In Part 1, I presented some of the results of my surveys about Planet Ubuntu from late 2013. Didn't read the summary? There's still time! What better a way to start your day?
With that behind us, let's dive into Part 2 of my promised summary along with additional bonus colour-commentary and recommendations not available anywhere else (at any price.)
Planet Ubuntu needs a makeover.
There is a strong indication that people want a "new and improved" Planet Ubuntu.
I'm firmly of the same opinion. Planet Ubuntu looks creaky and awkward. It's a throwback to an earlier era of web design. Interactivity? Not there. It also doesn't present well on different form factors. Have you ever tried reading it on Ubuntu Touch? Were you happy with the result? I could go on and on, but suffice to say there's room for improvement.
Some of you might be thinking "Why bother? There are plenty of other social web platforms that we could use as an Ubuntu blog. Why not just use ______." The problem with the word that's usually on top of that blank is that it's always out of our control, often predatory, and usually a bad idea in the long run. The best chance we have to shape the personality of one of the most prominent sites about Ubuntu is to actually maintain control of it. Planet Ubuntu reflects on Ubuntu whether we want to admit it or not. Let's admit it and make Planet Ubuntu great again.
Let's reboot it.
Ignoring the fence-sitters, people want Ubuntu stories to have prominence, by a factor of two to one.
I was a little surprised by how many people don't care one way or another. That aside, the majority vote for increased prominence of Ubuntu-related content is encouraging. I think this represents a good compromise for people who are insistent about blogging about non-Ubuntu topics on an Ubuntu site. (Yes, there are some who are.) Give them a small place, but not a place that detracts from the main event. Maybe the "real estate" a story gets should be proportional to the amount of Ubuntu content it contains. The mechanism for determining that would have to be designed, but it's an idea that has merit.
Ubuntu-centric stories should be granted more prominence.
People have no idea how widely (or not) Planet Ubuntu is read. Some think it's amongst the top sites on the web, and others swear it's nothing but cob webs and tumble weeds. This isn't really surprising since the site doesn't publish any stats, and in the absence of data people will make up some wild assumptions. If we want Planet Ubuntu to have as wide a readership as possible, which IS what we want, then perhaps an important first step would be to insert analytics, or even a simple page view counter that can be graphed over time. That way, well be able to see if we're as popular as we need to be.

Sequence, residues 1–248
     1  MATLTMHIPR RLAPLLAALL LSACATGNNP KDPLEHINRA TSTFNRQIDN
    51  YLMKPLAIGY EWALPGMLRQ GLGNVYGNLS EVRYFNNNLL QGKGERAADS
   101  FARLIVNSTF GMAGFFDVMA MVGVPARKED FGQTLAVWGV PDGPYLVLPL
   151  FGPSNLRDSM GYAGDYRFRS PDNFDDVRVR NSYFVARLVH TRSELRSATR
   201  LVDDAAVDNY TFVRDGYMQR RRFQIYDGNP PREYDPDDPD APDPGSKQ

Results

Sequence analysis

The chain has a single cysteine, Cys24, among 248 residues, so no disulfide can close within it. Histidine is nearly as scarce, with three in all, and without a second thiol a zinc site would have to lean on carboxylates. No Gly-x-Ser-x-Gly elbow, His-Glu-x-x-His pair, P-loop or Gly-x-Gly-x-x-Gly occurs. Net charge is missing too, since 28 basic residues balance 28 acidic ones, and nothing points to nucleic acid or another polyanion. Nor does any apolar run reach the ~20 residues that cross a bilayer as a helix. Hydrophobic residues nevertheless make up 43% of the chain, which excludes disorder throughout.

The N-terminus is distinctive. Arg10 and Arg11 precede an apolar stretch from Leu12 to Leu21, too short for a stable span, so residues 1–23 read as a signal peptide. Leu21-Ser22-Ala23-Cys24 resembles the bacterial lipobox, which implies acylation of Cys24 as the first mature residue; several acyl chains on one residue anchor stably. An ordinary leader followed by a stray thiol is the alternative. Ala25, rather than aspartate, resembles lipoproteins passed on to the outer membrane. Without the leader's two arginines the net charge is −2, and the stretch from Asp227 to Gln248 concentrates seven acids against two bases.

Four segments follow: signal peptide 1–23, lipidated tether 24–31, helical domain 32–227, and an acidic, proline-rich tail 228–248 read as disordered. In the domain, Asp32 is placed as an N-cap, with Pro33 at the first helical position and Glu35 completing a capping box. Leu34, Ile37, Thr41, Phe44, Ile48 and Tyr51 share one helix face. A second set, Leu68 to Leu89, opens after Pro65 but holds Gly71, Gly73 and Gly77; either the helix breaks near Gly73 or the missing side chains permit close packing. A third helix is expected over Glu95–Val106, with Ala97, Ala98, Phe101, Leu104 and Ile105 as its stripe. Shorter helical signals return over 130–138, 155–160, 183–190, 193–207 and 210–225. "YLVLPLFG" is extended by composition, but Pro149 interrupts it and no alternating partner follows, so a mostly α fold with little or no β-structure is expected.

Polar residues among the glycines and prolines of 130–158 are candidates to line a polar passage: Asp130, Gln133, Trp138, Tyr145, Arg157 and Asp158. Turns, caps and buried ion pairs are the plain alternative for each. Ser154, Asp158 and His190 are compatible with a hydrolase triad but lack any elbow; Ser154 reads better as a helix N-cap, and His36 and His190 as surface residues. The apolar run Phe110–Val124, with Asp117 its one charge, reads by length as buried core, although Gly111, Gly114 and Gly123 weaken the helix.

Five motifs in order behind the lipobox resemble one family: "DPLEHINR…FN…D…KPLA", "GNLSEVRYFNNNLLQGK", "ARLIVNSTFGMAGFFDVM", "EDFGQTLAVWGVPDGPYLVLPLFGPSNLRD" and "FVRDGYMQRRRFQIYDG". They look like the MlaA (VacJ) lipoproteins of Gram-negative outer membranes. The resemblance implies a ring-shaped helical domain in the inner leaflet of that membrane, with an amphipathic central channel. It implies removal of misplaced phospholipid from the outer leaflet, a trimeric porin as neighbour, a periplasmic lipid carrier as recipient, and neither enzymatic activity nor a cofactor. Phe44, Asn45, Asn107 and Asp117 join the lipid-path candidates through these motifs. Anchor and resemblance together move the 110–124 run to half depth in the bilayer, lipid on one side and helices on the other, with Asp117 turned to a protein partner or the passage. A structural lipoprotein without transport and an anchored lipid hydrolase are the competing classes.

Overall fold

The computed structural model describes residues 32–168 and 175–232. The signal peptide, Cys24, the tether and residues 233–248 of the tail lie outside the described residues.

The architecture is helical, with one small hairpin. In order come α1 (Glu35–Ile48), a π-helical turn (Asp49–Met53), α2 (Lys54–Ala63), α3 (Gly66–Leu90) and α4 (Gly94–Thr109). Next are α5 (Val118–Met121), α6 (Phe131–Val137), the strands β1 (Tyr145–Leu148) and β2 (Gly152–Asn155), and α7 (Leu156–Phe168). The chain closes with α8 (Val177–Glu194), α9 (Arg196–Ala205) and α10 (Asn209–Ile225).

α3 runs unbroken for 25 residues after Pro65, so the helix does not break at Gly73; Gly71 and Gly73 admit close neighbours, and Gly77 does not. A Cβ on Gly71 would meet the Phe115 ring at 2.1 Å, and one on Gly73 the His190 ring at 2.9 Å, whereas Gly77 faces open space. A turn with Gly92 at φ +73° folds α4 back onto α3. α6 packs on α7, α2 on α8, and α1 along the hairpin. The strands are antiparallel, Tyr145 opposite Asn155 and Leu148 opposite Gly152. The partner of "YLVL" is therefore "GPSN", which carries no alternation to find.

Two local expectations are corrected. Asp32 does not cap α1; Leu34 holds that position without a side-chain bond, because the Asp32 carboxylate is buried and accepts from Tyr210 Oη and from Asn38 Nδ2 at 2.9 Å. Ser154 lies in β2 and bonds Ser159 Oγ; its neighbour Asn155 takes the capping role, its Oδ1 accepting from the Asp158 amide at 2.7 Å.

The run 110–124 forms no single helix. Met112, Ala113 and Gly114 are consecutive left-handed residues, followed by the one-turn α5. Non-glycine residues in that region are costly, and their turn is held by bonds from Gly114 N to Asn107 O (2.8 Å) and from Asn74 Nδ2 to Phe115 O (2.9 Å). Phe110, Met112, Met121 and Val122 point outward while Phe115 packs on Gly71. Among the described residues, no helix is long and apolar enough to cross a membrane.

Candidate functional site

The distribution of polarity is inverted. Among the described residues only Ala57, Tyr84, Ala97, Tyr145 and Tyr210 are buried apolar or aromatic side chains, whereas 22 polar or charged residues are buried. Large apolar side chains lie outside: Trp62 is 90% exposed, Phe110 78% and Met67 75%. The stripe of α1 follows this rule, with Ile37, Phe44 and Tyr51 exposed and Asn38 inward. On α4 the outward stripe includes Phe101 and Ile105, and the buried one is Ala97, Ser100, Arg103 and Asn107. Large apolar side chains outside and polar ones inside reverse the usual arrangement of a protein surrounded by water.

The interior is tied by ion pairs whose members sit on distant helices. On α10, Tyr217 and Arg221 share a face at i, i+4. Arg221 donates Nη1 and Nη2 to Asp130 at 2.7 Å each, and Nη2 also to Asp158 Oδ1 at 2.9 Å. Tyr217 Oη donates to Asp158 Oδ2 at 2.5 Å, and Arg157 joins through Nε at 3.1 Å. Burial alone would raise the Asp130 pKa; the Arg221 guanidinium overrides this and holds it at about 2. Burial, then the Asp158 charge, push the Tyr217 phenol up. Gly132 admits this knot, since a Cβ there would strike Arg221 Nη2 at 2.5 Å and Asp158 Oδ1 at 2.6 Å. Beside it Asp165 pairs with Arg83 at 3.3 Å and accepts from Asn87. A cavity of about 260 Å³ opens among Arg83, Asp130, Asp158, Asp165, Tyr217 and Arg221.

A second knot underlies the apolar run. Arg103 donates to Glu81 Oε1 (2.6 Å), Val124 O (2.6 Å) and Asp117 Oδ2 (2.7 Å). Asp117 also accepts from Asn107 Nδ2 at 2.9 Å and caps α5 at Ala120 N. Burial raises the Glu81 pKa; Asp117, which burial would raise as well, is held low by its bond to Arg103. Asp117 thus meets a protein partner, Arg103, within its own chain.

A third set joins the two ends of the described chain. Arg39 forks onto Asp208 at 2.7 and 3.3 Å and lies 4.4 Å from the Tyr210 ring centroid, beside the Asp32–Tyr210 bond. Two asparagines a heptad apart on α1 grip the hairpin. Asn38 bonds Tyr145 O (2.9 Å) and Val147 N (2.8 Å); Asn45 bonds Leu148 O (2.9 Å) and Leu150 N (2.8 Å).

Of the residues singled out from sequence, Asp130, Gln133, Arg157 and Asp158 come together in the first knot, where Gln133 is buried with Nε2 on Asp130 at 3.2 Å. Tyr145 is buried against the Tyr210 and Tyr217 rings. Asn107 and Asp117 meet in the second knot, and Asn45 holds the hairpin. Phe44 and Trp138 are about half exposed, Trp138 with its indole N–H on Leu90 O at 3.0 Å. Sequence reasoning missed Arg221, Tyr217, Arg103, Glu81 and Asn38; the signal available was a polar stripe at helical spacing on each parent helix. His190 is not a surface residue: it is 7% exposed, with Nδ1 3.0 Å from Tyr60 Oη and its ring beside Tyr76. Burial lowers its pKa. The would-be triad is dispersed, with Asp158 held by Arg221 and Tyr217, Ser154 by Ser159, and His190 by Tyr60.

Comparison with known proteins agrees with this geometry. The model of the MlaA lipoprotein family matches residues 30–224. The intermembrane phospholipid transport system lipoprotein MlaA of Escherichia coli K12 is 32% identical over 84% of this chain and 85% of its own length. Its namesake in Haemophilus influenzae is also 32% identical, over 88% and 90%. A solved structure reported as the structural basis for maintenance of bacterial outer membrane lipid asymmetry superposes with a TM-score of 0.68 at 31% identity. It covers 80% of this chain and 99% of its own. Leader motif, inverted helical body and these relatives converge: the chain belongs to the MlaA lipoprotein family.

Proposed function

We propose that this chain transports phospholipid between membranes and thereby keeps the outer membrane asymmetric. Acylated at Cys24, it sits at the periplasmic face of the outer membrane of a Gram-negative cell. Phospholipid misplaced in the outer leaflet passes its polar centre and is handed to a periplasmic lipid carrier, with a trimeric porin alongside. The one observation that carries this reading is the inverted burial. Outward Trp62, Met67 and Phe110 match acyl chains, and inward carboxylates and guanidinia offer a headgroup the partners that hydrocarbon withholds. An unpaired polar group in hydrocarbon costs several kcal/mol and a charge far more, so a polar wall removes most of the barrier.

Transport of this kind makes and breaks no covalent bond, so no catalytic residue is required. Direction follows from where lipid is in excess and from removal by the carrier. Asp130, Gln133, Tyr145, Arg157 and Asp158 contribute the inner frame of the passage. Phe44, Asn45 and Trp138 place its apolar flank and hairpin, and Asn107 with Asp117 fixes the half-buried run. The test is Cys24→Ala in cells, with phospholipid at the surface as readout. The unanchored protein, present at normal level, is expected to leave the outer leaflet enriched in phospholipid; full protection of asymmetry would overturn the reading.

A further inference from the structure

Publish page view stats ASAP. We cannot improve what we cannot measure.
People want Planet Ubuntu authors to abide by the Ubuntu Code of Conduct.
This was a bit of an accidental poll. While I was in the midst of my polling activities an unfortunate article that was a clear violation of the CoC and in poor taste was posted. What surprised (and disappointed) me is how long it took to take it down. Thankfully it was removed, but who knows how many people saw the article and now associate Ubuntu with something crass and juvenile?
Adding even more disappointment, the article was from someone who wasn't even an Ubuntu Member any more. So, it should never even have been posted in the first place.
And, adding *even more* disappointment, an effort to clean up the list of people who could post to Planet Ubuntu had been languishing for months.
Maintain the site. (Looking in the direction of Community Council). Take down CoC violations with haste (i.e. in minutes, not hours). If you don't have the time/bandwidth, then delegate, or increase your numbers.
Nearly an even split.
Given that there's a desire to make Ubuntu stories more prominent (see above), I'm curious to know what mechanism the people who don't want up-voting would use to make this happen. Perhaps an algorithm that scans for keywords and adjusts prominence accordingly? Or, maybe we could leave the decision to a panel of experts? I don't think either of these options have merit. I advocate that we use a system of up-voting by a group of people that are passionate about Ubuntu and are actively contributing to it day-in, day-out. Perhaps Ubuntu Members would be a good start for a group of up-voters?
We need a reliable way to make Ubuntu articles prominent. Up-voting is that way.
To be continued...
I will wrap up the series in my next post with general conclusions and a prescription on how to make Planet Ubuntu awesome again. In the meantime, please share your thoughts in the comments.